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Offline Clark

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Canada: ...(solicited donations) will increase in the future.
« on: September 18, 2015, 11:10:10 AM »

Cassy is counting on a stranger to save her life

Carmela Fragomeni[
[/size]Cassy St. Pierre is counting on a stranger to save her life.
[/size]At 29, she needs an angel of a stranger to donate one of their kidneys because her body could fail again, at any time, to accept dialysis. All of her family and friends have been ruled out as good donor matches.
[/size]Cassy, who is under the care of St. Joseph's Hospital, would have to go to Toronto for a transplant if she found that willing stranger.
[/size]Many hospitals — St. Joe's included — won't perform kidney transplants from solicited altruistic donors without any connections to the recipient. There is great debate in the medical community and at present, few hospitals are permitting it.
[/size]"If we allowed it, we'd relax the barrier that protects against coercion," explains Dr. Darin Treleaven, St. Joe's medical director of transplants.
[/size]St. Joe's, however, will refer such patients to St. Michael's Hospital in Toronto, which has the social workers, psychiatrists and expertise to assess the altruistic donor, he said.
[/size]"We didn't have the comfort level, ethically (at St. Joe's) … it's not that we're trying to deny people," he explained.
[/size]Cassy, who needs dialysis daily, feels alone in her quest for help.
[/size]She found a stranger — "a friend of a friend" through Facebook but St. Joe's "wouldn't even test his blood to see if he was a match."
[/size]Only after losing contact with him did she learn St. Joe's will refer her to Toronto in such situations, she says.
[/size]Cassy had her first transplant at 16, but her kidneys failed again at 23, forcing her onto dialysis.
[/size]She's on three waiting lists for a new kidney, including the medically-urgent list, because her dialysis access failed more than a year ago and although doctors developed a new one, she says her veins are starting to fail again. Plus, she is difficult to match because the transplant and blood transfusions have given her a high antibody count.
[/size]"Honestly … as a potential recipient, there's every barrier to prevent me from getting a kidney," says a frustrated Cassy. "You have to be in perfect health. You have to find the donor (yourself).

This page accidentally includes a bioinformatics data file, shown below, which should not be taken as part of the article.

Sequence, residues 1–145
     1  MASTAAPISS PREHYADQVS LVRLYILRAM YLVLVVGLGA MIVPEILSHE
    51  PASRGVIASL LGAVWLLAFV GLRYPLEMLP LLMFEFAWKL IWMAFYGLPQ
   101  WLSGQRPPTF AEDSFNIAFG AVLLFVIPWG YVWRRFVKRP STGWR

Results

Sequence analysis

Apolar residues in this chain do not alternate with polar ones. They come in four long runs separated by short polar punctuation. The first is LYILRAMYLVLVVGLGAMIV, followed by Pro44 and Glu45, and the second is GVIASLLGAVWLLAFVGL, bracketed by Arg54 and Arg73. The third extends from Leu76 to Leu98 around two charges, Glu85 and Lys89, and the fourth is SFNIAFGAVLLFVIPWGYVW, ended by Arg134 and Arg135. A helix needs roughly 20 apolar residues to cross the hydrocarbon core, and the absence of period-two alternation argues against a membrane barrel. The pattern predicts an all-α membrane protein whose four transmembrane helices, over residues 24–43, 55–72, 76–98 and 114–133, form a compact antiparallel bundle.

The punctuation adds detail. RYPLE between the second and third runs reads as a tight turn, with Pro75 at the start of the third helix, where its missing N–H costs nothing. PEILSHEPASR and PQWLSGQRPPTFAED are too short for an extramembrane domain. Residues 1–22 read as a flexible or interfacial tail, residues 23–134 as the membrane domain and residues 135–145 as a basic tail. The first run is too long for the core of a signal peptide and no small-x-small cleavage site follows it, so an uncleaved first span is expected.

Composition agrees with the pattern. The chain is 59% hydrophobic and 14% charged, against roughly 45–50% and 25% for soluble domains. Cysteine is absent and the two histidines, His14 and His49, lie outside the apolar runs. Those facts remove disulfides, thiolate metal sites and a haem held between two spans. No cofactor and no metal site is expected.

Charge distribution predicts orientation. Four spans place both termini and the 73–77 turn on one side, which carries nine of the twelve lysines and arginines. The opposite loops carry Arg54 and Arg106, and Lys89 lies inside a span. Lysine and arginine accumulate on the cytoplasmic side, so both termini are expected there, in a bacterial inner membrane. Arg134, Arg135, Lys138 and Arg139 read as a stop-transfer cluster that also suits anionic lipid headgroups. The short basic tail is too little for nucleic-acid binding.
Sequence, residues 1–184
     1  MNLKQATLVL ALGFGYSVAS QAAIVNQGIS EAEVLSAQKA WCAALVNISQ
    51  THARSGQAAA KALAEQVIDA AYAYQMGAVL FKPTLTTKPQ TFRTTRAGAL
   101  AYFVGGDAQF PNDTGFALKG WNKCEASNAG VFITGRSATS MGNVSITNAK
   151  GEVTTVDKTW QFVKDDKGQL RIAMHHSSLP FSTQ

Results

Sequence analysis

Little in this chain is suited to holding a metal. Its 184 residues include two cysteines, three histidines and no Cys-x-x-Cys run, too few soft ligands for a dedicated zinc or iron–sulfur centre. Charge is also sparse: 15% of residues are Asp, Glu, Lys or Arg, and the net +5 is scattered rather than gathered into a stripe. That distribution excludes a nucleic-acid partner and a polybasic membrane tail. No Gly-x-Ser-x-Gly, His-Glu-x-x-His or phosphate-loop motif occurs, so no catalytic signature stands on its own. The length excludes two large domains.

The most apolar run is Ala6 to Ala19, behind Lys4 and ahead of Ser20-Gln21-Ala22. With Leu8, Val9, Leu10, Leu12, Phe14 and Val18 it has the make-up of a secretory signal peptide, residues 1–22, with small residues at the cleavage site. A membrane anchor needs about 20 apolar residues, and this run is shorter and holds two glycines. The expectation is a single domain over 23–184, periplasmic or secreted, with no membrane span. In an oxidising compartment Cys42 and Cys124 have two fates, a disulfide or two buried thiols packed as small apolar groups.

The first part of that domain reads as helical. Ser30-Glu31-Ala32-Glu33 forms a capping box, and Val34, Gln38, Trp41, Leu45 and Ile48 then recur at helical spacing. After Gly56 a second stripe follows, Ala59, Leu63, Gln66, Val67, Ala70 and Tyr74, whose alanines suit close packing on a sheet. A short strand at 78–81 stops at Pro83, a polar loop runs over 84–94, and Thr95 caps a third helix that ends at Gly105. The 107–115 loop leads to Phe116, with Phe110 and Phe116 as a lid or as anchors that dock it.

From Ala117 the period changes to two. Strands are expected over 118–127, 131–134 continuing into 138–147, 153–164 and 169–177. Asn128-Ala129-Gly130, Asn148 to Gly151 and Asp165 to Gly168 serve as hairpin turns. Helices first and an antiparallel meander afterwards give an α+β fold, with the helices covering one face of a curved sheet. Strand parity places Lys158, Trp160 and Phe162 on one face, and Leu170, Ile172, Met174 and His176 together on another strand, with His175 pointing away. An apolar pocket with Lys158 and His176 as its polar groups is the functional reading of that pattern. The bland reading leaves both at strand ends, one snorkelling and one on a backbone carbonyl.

[/size]"There's a huge ethics board that is trying to protect the donor. Who is protecting me? Who is advocating for me? Literally, I feel like no one is on my side."
[/size]Cassy is a part-time, long-term care nurse living with her parents out of necessity. She is unable to work full-time because of her condition and daily dialysis. She barely has the energy to keep looking for a stranger willing to help, she says.
[/size]"I've run out of people to ask. I have to make a plea to the public."
[/size]Her doctors have told her to stay as healthy as she can and wait on the lists.
[/size]On a calmer and more reflective note, Cassy does commend the care at St. Joe's.
[/size]"They have put me on every list and they are trying to help me … but it's going nowhere because I don't have the (potential) donors to be tested. I feel it's almost futile to wait … I'm just trying to help myself."
[/size]Staying on dialysis is not a good quality of life, she adds. And with the likelihood that her dialysis access will fail again soon, she says, "it's always a scary life."
[/size]If her veins continue to close up, "it's an end of life situation."
[/size]Dr. Jeff Zaltzman, director of St. Mike's transplant program, estimates his hospital has performed between five and 10 solicited donor kidney transplants in the past five or six years.
[/size]"It's not a common occurrence," he said. "It's relatively new."
[/size]As a new frontier, he says it is evolving.
[/size]St. Mike's does the transplants as long as the donor has a legitimate reason and there is no secondary gain, such as getting paid for the kidney.
[/size]It's in the minority of hospitals — about a quarter of those across Canada — that allow them, Zaltzman says.
[/size]Many strangers are turned down because their reasons for donating are not genuine, he says — such as expecting payment, or they back off once they learn of the associated medical risks.
[/size]Meanwhile, many patients resort to soliciting donors publicly through community centres, churches, mainstream media, websites and social media, he says.
[/size]Two recent high profile cases are Ottawa Senators owner Eugene Melnyk, who got a liver donor that way, and the young Kingston twin girls — one got a liver transplant from her father and the other was saved by a stranger.
[/size]Says Zaltzman, "I think as people get comfortable with it, it (solicited donations) will increase in the future."
« Last Edit: September 18, 2015, 11:14:18 AM by Clark »
Unrelated directed kidney donor in 2003, recipient and I both well.
580 time blood and platelet donor since 1976 and still giving!
Elected to the OPTN/UNOS Boards of Directors & Executive, Kidney Transplantation, and Ad Hoc Public Solicitation of Organ Donors Committees, 2005-2011
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